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Yoi no kuchi

English translation: early evening

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GLOSSARY ENTRY (DERIVED FROM QUESTION BELOW)
Japanese term or phrase:yoi no kuchi
English translation:early evening
Entered by: ProZ.com Staff
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15:44 Feb 8, 2001
Japanese to English translations [PRO]
Art/Literary
Japanese term or phrase: Yoi no kuchi
What does this phrase mean, and what is the difference between this phrase and 'yuugata'?

I know yuugata means 'evening', but I heard yoi no kuchi used to describe the evening, after dusk.

Could you provide a little more info please?

Thanks!
ProZ.com Staff
Local time: 16:39
Yoi no kuchi comes after yuugata.
Explanation:
There is a diffence in time.

Yuugata refers to "late afternoon" or about the time that the sun sets.

Yoi no kuchi refers to "evening" or to be more precise, the time right after the sun has set.

Therefore, yuugata can denote a time when the sun is still visible, however yoi no kuchi would be after the sun has actually set.

If you have any questions, email me: yosh@imag.net
Selected response from:

Pro-Japanese
Canada
Local time: 17:39
Grading comment
Many thanks to everyone for their replies.

Troy

4 KudoZ points were awarded for this answer

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Summary of answers provided
nabut the night is still young
Maynard Hogg
natwilightbgccb
naYuugata comes first - then Yoino-kuchi, early part of nightHaruko Watanabe
naYoi no kuchi refers to "early evening" or "early part of the night".Chie Schaffer
nathe night is still young
Thomas Blasejewicz
naYoi no kuchi comes after yuugata.Pro-Japanese


  

Answers


29 mins
Yoi no kuchi comes after yuugata.


Explanation:
There is a diffence in time.

Yuugata refers to "late afternoon" or about the time that the sun sets.

Yoi no kuchi refers to "evening" or to be more precise, the time right after the sun has set.

Therefore, yuugata can denote a time when the sun is still visible, however yoi no kuchi would be after the sun has actually set.

If you have any questions, email me: yosh@imag.net


    Koujien.
Pro-Japanese
Canada
Local time: 17:39
Native speaker of: English
PRO pts in pair: 79
Grading comment
Many thanks to everyone for their replies.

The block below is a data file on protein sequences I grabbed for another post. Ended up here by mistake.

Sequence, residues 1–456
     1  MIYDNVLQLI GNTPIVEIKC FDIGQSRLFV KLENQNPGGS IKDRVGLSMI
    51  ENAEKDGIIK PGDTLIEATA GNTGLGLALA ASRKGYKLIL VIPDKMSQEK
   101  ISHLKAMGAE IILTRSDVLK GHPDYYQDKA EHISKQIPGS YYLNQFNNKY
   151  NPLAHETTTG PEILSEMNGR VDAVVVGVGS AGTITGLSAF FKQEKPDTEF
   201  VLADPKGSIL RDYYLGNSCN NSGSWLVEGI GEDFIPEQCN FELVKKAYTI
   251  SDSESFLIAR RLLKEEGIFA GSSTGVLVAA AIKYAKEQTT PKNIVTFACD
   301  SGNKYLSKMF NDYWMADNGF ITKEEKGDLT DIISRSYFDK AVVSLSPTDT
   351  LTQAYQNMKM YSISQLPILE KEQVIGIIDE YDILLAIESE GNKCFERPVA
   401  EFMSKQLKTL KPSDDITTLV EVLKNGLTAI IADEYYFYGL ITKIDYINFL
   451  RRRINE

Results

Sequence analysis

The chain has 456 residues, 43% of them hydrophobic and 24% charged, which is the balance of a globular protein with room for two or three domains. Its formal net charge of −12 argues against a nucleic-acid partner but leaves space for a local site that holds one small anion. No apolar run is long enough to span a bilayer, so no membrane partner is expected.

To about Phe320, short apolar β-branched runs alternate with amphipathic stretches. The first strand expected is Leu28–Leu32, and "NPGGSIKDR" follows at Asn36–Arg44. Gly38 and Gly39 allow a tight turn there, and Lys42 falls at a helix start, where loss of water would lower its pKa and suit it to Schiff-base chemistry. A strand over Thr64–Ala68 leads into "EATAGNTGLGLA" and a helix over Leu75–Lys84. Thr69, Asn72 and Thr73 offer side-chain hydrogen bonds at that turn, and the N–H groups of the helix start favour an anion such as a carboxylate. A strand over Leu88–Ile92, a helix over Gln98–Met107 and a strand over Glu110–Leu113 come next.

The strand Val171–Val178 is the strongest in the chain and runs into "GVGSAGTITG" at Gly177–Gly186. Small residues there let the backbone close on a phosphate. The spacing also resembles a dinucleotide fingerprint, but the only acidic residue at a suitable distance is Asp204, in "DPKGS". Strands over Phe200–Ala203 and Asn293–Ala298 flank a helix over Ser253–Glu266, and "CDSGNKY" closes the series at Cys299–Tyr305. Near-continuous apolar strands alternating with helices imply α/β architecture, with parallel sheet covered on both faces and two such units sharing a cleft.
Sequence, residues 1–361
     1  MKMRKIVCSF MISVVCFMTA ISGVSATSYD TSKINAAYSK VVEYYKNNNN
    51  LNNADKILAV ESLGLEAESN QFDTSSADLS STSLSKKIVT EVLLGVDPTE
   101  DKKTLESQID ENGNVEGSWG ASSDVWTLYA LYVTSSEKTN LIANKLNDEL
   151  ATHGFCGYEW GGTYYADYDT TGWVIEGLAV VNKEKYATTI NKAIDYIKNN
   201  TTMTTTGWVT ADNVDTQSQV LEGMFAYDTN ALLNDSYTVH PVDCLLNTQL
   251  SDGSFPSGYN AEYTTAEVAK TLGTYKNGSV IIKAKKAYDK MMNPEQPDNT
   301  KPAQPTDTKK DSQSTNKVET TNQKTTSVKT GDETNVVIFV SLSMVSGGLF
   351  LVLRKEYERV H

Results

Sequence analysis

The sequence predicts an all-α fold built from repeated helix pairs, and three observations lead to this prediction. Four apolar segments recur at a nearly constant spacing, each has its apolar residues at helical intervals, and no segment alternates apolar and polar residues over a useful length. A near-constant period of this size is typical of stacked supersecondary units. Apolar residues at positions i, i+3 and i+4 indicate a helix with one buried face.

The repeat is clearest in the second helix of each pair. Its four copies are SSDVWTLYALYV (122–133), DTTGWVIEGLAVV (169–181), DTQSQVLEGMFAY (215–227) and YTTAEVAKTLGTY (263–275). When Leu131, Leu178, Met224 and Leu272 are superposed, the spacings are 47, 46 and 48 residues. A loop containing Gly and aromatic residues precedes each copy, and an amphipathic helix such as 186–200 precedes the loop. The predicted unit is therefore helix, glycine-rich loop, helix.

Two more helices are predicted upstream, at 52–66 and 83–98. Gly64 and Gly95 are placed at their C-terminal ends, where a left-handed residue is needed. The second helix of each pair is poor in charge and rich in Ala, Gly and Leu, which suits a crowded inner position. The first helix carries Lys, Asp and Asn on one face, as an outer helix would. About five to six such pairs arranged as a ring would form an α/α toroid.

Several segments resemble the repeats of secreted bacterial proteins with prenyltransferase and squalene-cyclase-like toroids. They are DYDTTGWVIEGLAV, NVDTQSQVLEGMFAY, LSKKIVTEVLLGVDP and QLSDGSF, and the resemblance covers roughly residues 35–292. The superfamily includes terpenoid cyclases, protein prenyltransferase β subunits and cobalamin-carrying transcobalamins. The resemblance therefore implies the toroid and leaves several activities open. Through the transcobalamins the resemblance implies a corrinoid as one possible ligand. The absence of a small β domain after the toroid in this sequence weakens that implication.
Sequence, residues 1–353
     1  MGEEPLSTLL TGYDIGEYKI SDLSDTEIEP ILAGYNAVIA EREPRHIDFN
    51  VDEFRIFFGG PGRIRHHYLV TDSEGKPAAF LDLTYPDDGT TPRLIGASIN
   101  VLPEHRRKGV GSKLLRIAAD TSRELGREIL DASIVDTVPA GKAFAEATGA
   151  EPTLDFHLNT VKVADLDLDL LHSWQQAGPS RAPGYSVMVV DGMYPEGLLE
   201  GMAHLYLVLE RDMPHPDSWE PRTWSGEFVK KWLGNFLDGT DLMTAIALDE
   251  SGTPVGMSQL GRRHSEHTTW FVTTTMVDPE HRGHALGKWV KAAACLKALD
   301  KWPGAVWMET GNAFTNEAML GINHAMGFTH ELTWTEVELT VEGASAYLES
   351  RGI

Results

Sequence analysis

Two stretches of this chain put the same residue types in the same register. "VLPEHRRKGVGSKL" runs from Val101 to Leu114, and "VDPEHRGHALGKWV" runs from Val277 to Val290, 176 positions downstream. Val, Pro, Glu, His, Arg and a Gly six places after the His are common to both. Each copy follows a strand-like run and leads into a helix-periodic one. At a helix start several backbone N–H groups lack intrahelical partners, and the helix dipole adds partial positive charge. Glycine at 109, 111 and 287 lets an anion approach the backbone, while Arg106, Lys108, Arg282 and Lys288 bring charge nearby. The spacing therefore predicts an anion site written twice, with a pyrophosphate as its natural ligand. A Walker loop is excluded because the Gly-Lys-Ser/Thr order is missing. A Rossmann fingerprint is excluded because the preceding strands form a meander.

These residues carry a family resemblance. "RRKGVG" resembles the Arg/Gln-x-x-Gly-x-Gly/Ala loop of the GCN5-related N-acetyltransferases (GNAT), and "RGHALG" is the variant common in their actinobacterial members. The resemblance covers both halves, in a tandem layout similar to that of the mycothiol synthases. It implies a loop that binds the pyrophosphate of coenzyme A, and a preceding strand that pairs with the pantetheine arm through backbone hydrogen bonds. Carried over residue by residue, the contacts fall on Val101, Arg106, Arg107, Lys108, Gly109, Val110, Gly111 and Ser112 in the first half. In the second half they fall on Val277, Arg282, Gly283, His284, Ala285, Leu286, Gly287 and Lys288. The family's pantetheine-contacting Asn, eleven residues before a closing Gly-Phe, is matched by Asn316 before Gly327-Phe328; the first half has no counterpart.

Troy

Peer comments on this answer (and responses from the answerer)
Maynard Hogg

Louise Vaux
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2 hrs
the night is still young


Explanation:
I agree with the above given explanation.Terming this as "the night is still young" should help to image what is meant. Having a drink with someone in the late afternoon is fine, but enjoying your drink "while the night is still young, but it is not yet really late (like after midnight)" suggests a lot more style, fun, romance etc.
Hope this helps.
Thomas

Thomas Blasejewicz
Japan
Local time: 09:39
Native speaker of: Native in GermanGerman
PRO pts in pair: 33

Peer comments on this answer (and responses from the answerer)
Maynard Hogg

Pro-Japanese
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2 hrs
Yoi no kuchi refers to "early evening" or "early part of the night".


Explanation:
I agree with Yosh that "yuugata" refers to the hours around the time of sunset.
"Yoi", according to Kenkyusha's Japanese-English dictionary, means early evening or early hours of the night.
"Kuchi" in this expression means "beginning". So, "yoi no kuchi" means "early evening" or "early part of the night".


    Kenkyusha's New Japanese-English Dictionary
Chie Schaffer

Peer comments on this answer (and responses from the answerer)
Maynard Hogg

Pro-Japanese
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8 hrs
Yuugata comes first - then Yoino-kuchi, early part of night


Explanation:
I agree with all the answers above - just trying to recap here.

According to Daijirin (URL shown below),
Yuugata = All hours from the time the sun starts setting to the time it is completely set
Yoinokuchi = Hours right after sunset

This is how 'Yugata' and 'Yoinokuchi' differs, and I agree 'the night is still young' is what 'yoinokuchi' is about.
However, one question seems to remain here - are the words 'evening' and 'yugata' really equivalent?
Never mind.
Thanks for the interesting question.


    Reference: http://dictionary.goo.ne.jp/cgi-bin/jp-top.cgi
Haruko Watanabe
Japan
Local time: 09:39
PRO pts in pair: 63

Peer comments on this answer (and responses from the answerer)
Pro-Japanese
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10 days
but the night is still young


Explanation:
I favor Nyuwa's gloss because I have only heard the expression "yoi no kuchi" in expressions like まだ宵の口じゃないですか even after midnight!

As usual context is everything. If you don't have one of these expressions, go with the literal glosses given.

Maynard Hogg
Canada
Local time: 16:39
Native speaker of: Native in EnglishEnglish
PRO pts in pair: 478

Peer comments on this answer (and responses from the answerer)
Pro-Japanese
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180 days
twilight


Explanation:
The night has just begun...

bgccb
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